It’s another Please Please You gig and the write-up of the band on the PPY website is brilliant, I’m just not sure whether it is totally serious or slightly tongue-in-cheek in places. Head here to give it a read and make you own mind up, or even correct me.

Ska is another of those genres that I have never really been into. I can listen to it (unlike some other genres) but I doubt I would ever buy any albums or head to any gigs.

So, I probably won’t be at Fibbers on the 22nd, when The Skatalites pop in as part of their UK tour. From Jamaica and originally active in the mid-sixties, their most famous song is Guns of Navarone (this column is all folk/blues and film references…) and recorded with the likes of Prince Buster.

After a series of reunions, the band – who have nearly four times as many past and additional members as they have current, but who still boast two founding members – have been performing together since 1983.

Over at the Crescent, also on the 22nd, there’s another PPY gig. This time they welcome genre-pushing Philadelphian Chris Forsyth to the stage.

He will be joined by his Solar Motel Band, a live act who have drawn comparisons to such visionary artists as The Grateful Dead, Neil Young & Crazy Horse and Richard Thompson and who perform guitar rock with a hint of psychedelia.

The Trials of Cato toured open mics and singers nights last Winter and impressed those folk-y people at the Black Swan that they invited them along for a paid booking on the 24th.

This trio formed in Beirut and performed on the Lebanese music scene during 2015. The implication on their website is that they are British as it says they returned to the UK and have been active at folk clubs and festivals ever since, thanks to a formidable live reputation.

As seems usual at the Black Swan their set mixes original and traditional material, using fretted instruments (mandolin, banjo, guitar and Irish bouzouki) and vocal harmonies.

I remember mentioning Juffage in a previous column, but never saw him play. Now the Leeds-based Chicagoan Jeff T. Smith is back, with a host of collaborators, in new project Living Body, a band which describes its music as post-brexitcore, expanding on the need for music to bring joy into the lives of others.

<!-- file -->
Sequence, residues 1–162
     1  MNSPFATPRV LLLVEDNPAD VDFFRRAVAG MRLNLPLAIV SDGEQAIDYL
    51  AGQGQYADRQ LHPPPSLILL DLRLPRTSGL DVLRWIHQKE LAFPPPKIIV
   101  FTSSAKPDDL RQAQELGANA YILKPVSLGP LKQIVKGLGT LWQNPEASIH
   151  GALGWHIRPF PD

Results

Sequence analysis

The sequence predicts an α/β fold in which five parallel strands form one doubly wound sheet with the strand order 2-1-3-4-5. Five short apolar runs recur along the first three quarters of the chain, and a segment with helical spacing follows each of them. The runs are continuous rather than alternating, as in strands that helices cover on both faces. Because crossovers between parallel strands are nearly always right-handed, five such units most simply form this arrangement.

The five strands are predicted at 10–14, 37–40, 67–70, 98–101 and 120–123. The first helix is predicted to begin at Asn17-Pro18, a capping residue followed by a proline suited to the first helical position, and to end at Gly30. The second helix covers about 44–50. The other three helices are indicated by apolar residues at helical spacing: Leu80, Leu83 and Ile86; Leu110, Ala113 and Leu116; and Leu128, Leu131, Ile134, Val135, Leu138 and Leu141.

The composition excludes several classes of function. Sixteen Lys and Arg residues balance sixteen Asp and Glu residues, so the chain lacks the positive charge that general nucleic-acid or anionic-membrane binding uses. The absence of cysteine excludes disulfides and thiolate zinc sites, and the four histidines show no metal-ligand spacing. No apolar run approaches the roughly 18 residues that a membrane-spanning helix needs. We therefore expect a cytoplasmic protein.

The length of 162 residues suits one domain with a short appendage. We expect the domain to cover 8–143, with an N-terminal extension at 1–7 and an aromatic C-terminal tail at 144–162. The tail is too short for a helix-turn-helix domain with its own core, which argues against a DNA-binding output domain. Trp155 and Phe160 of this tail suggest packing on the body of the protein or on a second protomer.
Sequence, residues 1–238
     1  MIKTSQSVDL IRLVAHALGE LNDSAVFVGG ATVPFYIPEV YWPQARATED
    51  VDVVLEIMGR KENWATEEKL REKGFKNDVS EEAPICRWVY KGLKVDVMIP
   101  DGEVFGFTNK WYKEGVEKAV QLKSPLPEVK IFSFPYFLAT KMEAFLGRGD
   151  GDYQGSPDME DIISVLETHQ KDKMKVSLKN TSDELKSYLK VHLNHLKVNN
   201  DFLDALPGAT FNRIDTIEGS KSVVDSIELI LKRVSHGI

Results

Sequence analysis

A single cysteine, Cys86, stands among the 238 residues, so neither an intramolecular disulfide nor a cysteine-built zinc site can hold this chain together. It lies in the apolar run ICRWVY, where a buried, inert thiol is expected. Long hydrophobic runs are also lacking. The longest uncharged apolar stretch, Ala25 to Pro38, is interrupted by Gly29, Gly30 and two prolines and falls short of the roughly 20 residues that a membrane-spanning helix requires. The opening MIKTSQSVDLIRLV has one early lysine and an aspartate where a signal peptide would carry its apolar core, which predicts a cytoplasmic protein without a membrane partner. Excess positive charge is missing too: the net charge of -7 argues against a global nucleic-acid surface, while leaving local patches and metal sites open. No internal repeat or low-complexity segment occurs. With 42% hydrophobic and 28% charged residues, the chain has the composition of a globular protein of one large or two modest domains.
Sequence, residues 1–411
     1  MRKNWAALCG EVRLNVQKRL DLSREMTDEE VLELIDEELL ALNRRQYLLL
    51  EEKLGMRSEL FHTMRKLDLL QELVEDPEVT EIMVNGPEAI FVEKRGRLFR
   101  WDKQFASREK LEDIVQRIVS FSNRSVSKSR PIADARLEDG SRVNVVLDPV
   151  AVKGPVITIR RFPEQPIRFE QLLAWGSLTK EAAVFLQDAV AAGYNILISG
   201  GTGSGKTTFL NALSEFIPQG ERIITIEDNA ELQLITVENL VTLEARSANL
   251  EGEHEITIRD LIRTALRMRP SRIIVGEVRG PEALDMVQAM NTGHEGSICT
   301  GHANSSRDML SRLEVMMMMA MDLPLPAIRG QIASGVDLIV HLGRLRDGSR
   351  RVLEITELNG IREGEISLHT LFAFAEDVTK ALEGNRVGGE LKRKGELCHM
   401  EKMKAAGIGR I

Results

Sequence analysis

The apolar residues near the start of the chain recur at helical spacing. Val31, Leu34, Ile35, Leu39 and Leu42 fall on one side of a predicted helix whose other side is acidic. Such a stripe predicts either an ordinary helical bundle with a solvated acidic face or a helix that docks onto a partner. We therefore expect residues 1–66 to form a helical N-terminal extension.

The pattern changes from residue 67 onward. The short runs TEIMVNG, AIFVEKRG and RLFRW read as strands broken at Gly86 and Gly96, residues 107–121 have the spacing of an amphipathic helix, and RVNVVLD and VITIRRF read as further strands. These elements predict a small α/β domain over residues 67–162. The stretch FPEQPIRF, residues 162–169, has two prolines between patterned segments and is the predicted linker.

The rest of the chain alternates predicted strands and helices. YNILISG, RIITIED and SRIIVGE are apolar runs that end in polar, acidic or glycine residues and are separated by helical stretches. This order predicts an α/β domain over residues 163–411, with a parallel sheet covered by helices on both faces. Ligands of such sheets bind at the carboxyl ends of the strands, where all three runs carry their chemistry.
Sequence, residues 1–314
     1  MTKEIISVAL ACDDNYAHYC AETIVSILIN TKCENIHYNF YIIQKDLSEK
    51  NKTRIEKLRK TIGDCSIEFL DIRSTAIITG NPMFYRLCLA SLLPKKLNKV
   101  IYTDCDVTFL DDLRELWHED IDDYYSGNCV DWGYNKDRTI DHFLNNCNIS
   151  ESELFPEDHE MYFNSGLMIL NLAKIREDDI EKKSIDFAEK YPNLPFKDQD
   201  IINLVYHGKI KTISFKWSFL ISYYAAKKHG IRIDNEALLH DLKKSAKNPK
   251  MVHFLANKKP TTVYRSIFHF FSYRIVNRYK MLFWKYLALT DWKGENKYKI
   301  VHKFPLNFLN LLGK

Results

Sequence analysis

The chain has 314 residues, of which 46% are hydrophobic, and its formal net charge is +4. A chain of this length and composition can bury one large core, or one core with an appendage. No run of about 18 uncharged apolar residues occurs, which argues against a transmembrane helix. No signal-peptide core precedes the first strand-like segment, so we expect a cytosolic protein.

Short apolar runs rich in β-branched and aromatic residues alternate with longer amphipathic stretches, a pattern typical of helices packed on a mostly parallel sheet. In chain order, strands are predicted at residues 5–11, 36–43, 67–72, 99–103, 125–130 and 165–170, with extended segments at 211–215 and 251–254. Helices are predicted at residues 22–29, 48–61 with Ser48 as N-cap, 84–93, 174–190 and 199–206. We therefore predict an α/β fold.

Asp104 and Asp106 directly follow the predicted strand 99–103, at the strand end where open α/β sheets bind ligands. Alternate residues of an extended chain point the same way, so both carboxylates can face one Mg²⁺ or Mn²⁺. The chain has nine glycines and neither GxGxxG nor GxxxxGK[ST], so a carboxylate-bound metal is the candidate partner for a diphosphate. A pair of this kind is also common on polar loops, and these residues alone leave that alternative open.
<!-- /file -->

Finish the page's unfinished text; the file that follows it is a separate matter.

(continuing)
Their appearance at the Basement on the 24th is part of a 14-date tour of the UK, which comes hot on the heels of an equally large venture across the pond to the USA and Canada.

PPY draw this month to a close with another gig at the Crescent on the 26th. This time it’s GospelbeacH, the new band from Brent Rademaker (Beachwood Sparks) who are in the UK for the first time to play their brand of dreamy American roots music from album Another Summer Of Love.

There’s bound to be more. There always is, especially at other venues. As usual, the comments section is where to note things that I have missed, that you think should get a shout-out.

Summary

Here is the usual chronological list of the main gigs I covered above. All details are correct at time of putting this column together and ticket prices are as advertised. Paying on the door will cost a pound or two more.

Date Act Venue Price
5th Holy Moly & The Crackers White Rose Rotunda £10
10th Twist Helix Fulford Arms Free
Joshua Burnell Black Swan £8 adv / £9 otd
11th Lion Papers Fibbers £5
12th Jonah Matranga Fulford Arms £8 adv / £10 otd
15th Louise Distras Basement £6
Hurray For The Riff Raff Crescent £13
17th Alice Jones Black Swan £8 adv / £9 otd
18th – 19th B-Fest Barbican £6 per session
19th King No-One Fibbers £8.50
Kashmere Basement £5 adv / £7 otd
Cover Force Five Fulford Arms £3
Karl Blau & Laura Gibson Crescent £9
20th BMX Bandits Crescent £15
22nd The Skalatites Fibbers £20
Chris Forsyth & The Solar Motel Band Crescent £8
24th Living Body Basement £6 adv / £8 otd
The Trials of Cato Black Swan £8 adv / £9 otd
26th GospelbeacH Crescent £8

 

Ian Massey

Ian Massey

Thanks to his amazing and ever-expanding knowledge of the York music scene, Ian is a great guide as to the gigs to go and see